Notwithstanding the hopes which might have been fairly entertained that the measure of Reform would have been rendered complete throughout the kingdom, a considerable time elapsed before its benefits were extended to the sister country; and a large amount of persevering exertion was required before a measure for the purpose was carried through Parliament, although its necessity was unquestionable. This arose from certain difficulties which it was not found easy to overcome, so as to meet the views, or, at least, to secure the acquiescence, of the various parties in the House. And hence it happened that it was not until 1840 that an Act was passed for the regulation of municipal corporations in Ireland, after repeated struggles which had to be renewed from year to year, and the question was at length only settled by a sort of compromise. On the 7th of February, 1837, Lord John Russell moved for leave to bring in the Irish Municipal Bill, which was passed by a majority of 55; but the consideration of it was adjourned in the Peers till it was seen what course Ministers were to adopt with regard to the Irish Tithe Bill. Early in 1838 the Bill was again introduced, when Sir Robert Peel, admitting the principle by not opposing the second reading, moved that the qualification should be £10. The motion was lost, but a similar one was made in the Upper House, and carried by a majority of 60. Other alterations were made, which induced Lord John Russell to relinquish his efforts for another year. In 1839 he resumed his task, and the second reading was carried by a majority of 26. Once more Sir Robert Peel proposed the £10 qualification for the franchise, which was rejected in the Commons, but adopted in the Lords by nearly the same majorities as before. Thus baffled again, the noble lord gave up the measure for the Session. In February, 1840, the Bill was introduced by Lord Morpeth with a qualification of £8. Sir Robert Peel now admitted that a settlement of the question was indispensable. With his support the Bill passed the Commons by a majority of 148. It also passed the Lords, and on the 18th of August received the Royal Assent.[See larger version]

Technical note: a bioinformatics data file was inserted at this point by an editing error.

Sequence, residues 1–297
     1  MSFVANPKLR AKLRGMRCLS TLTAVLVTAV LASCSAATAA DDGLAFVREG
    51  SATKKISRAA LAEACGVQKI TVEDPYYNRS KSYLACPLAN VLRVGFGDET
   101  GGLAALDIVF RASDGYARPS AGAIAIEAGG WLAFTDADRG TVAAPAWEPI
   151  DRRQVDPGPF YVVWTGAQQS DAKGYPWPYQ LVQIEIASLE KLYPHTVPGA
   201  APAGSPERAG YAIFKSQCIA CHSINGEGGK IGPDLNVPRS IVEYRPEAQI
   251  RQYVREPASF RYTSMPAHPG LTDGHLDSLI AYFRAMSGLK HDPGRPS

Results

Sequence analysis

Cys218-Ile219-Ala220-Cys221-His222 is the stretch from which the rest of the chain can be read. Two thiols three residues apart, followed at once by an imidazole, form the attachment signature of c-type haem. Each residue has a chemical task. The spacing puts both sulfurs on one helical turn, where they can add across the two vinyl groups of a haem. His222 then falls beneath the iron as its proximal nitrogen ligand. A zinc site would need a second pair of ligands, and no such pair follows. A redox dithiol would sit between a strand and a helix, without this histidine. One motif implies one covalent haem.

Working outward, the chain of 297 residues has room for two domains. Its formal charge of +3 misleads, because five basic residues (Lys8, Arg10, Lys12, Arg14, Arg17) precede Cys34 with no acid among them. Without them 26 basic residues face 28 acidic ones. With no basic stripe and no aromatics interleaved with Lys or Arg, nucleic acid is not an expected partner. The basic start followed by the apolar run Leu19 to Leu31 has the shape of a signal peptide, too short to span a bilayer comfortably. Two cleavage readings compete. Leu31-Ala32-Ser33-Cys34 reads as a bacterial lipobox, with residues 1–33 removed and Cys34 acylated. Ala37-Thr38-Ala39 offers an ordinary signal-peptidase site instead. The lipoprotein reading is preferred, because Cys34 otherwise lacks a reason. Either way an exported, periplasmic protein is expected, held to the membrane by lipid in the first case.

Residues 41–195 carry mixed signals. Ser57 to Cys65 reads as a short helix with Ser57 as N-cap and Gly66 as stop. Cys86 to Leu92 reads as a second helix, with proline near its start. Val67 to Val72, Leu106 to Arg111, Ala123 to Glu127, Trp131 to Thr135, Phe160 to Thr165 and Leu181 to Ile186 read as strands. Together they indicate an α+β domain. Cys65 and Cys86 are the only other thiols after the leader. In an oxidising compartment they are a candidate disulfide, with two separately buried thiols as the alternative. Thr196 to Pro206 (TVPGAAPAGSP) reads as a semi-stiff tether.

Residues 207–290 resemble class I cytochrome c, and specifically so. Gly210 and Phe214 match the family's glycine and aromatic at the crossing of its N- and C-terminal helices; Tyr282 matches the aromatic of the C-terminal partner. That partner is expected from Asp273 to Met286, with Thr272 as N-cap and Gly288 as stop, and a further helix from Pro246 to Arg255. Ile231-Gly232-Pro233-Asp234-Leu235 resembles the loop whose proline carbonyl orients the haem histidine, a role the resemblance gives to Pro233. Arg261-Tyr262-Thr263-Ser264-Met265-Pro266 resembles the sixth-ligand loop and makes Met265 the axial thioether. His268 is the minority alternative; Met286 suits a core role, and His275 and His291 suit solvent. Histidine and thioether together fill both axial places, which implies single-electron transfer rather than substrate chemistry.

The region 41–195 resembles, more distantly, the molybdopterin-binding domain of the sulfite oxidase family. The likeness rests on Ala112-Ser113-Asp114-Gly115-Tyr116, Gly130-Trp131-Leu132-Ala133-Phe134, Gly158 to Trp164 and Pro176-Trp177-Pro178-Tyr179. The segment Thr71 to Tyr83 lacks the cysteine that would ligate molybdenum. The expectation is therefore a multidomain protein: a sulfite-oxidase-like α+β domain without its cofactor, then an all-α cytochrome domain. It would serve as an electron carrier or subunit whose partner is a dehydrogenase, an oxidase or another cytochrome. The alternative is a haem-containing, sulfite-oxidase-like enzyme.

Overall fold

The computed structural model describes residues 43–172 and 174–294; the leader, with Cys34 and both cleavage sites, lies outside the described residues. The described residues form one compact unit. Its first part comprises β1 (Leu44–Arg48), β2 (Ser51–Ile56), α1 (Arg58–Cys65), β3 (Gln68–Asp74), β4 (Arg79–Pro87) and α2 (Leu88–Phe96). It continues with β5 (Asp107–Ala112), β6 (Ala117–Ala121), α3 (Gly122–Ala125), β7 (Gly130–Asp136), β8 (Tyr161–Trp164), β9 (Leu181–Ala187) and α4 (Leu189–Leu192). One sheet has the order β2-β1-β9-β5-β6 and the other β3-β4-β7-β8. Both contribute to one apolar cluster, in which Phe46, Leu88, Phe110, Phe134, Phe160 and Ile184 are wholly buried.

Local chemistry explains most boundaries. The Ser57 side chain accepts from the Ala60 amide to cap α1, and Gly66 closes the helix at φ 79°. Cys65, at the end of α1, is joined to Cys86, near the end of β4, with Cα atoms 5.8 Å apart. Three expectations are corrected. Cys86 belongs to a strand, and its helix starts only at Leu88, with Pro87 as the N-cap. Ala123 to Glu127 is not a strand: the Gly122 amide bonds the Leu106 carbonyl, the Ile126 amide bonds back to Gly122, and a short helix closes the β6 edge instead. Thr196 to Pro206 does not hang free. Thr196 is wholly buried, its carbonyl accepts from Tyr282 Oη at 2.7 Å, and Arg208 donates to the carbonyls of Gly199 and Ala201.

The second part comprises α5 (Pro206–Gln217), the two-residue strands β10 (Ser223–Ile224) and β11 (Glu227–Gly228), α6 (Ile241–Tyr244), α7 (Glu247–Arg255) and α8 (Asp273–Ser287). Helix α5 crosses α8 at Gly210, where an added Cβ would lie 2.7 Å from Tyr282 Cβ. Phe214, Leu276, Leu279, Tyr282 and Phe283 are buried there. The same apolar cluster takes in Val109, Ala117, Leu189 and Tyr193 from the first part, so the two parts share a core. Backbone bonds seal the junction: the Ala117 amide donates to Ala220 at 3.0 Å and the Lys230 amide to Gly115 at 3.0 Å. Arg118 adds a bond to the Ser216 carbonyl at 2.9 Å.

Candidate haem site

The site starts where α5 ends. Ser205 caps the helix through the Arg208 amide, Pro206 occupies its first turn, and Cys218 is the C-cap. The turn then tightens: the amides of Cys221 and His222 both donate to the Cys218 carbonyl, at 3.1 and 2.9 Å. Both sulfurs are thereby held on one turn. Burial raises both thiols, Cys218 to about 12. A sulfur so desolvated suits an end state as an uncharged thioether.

BENARES. (From a Photograph by Frith and Co.)